Change Agents are often asked to draft and deliver specific messages as a part of stakeholder communication.
Whether a given communication event will take place by sending an email, posting website content, releasing a video or conducting a meeting, it’s easy for the details to fall through the cracks without proper planning and diligence. Hence today’s advice for Change Agents:
Change Agent Tip #38: MASTER Communications.
Today I’ll offer a quick way to remember six critical components of effective stakeholder communication. Stick to these six cues and you can MASTER the art of reaching the people who will be most impacted by your change.
Of course, M.A.S.T.E.R. is an acronym – and here’s what it helps me remember to do when planning change-related communication:
Message – Audience – Sender – Timing – Entree – Reinforcement
M – Message – Ensure your message is clear, complete and concise. What are the key points that your message needs to communicate? Is there a critical event coming up that people need to attend? Are you updating the status of an important project or an on-going initiative?
Consider what the receivers might need to know about your topic and balance brevity with richness of content. Make sure everything they need to know is included while keeping the message as short as possible.
Outline the message before drafting it and be sure to review it with a few stakeholders before it goes out to ensure it makes sense.
Consult your stakeholder map so you don’t miss anyone. Also, decide if there are groups or individuals who don’t need this particular message.
Sometimes over-communicating to a given group can lead them to ignore other critical message due to sheer information overload. If you don’t believe me, read my recent post on email ground rules or try including “Company-All” on the CC: line of your next few emails and see if you get a reaction…
S – Sender – Decide who the message should come from. Who is the best person, group or entity to send the message? If your change has a clear Executive Sponsor, it can be useful to leverage them as the “voice” of your change.
Maybe your project has a steering committee or a management team that should speak for the initiative. Is the Project Manager, Product Owner or Lead Researcher the right person to send this particular message? Choose your senders carefully and choose them consistently.
The consistent use of appropriate senders can reduce confusion in your stakeholder community and reinforce the sense of alignment for your change.
T – Timing – Consider when the message needs to be delivered. Do you need to allow lead time for stakeholders to perform some task or prepare for some event? Is there such a thing as sending this message to early or too late?
Should your message “piggy-back” on the monthly newsletter, be added to the quarterly company meeting or be includer in the weekly client update? Should it be released as a stand-alone message?
Finally, avoid communication “black holes” and steer clear of times when stakeholders will probably not be tuned in. For example, sending a critical message out late on Friday afternoon before a 3-day weekend might not get much attention or action!
E – Entree – Carefully leverage the best channels to reach your stakeholders. How will your content enter their span of attention? What communication channels do they listen to regularly? Do they read email? Does your organization have a well-read newsletter? Could your message be cascaded through a series of staff meetings?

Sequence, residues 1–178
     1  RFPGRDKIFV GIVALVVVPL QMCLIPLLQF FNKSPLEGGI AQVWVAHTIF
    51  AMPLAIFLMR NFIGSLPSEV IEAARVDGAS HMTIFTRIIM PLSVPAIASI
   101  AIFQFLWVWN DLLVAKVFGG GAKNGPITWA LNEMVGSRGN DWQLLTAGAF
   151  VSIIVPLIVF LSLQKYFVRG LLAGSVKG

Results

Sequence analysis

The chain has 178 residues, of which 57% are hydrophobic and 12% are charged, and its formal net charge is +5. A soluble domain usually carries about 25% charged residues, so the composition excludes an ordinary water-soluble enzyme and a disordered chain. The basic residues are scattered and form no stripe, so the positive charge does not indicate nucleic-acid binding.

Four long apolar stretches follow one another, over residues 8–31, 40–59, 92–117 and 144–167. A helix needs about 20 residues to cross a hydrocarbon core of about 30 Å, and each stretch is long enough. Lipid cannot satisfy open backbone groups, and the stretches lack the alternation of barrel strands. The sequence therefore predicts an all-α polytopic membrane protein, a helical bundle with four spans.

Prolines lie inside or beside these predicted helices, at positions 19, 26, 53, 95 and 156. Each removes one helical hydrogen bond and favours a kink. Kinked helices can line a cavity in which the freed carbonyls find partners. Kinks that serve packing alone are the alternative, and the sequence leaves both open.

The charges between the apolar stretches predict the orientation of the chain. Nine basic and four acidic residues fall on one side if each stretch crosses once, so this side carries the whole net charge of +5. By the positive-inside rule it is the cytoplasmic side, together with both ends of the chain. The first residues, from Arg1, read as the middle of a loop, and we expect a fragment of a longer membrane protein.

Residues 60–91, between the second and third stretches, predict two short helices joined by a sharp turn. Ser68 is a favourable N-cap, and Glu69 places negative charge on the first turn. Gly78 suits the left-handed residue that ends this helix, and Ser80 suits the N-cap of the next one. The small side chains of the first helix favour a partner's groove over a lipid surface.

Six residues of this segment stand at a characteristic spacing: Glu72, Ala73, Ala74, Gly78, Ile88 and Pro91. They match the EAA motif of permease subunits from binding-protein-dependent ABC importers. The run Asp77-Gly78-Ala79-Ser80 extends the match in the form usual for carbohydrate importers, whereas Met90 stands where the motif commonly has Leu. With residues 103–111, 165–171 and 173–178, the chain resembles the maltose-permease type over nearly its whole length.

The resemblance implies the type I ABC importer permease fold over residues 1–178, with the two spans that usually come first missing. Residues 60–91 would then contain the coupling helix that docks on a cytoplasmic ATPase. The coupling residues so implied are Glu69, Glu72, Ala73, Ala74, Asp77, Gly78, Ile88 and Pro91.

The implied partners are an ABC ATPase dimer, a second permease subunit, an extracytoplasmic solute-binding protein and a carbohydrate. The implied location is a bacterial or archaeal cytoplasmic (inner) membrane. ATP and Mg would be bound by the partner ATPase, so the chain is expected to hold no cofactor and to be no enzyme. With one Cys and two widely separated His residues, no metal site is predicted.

Consider videos, websites, posters, bulletins or anything that has worked well to reach people in the past. Consider that different people may pay attention to different channels so mix it up a little by trying channels which haven’t been used before. The newness of the delivery method might be enough to get their attention!
Choose your channels wisely to optimize your communication resources. Consider sending the same message down multiple channels just in case people pay attention to different communication “entrees”.
R – Reinforcement – Plan to gather feedback and reinforce your message based on that feedback. Even the most effectively-delivered message needs to be verified and reinforced. The best way to verify that your message was received to to gather feedback as directly as possible.
If your stakeholders are close by, you might walk around and ask people how clear the message was or how well it addressed their need for information. (I call this the water cooler gossip method) If your stakeholders are more spread out, you may need to reach them through web-based surveys, targeted phone calls or by tapping into your network of change champions in the various locations to gather feedback more directly.
Remember that listening to feedback implies that you’ll do something with it, so based on the results of this feedback, you may need to fill in gaps to reinforce any parts of the message that were not well-understood. Another component of reinforcement is to follow up on a given communication through repetition just to keep the most important aspects of the message in the front of your stakeholders as your change approaches.
Summary: Stakeholder communication is so important to successful change that it needs to be consistently effective. MASTER the process I’ve described above and you’ll be on your way to focusing your valuable time and attention on the other critical parts of your role as a Change Agent.
Questions for Chatter
- Which of the six elements of communication have you found to be the most critical?
- Have you experienced the case where the right message was sent to the wrong stakeholders or vice versa? How can Change Agents recover from that mistake?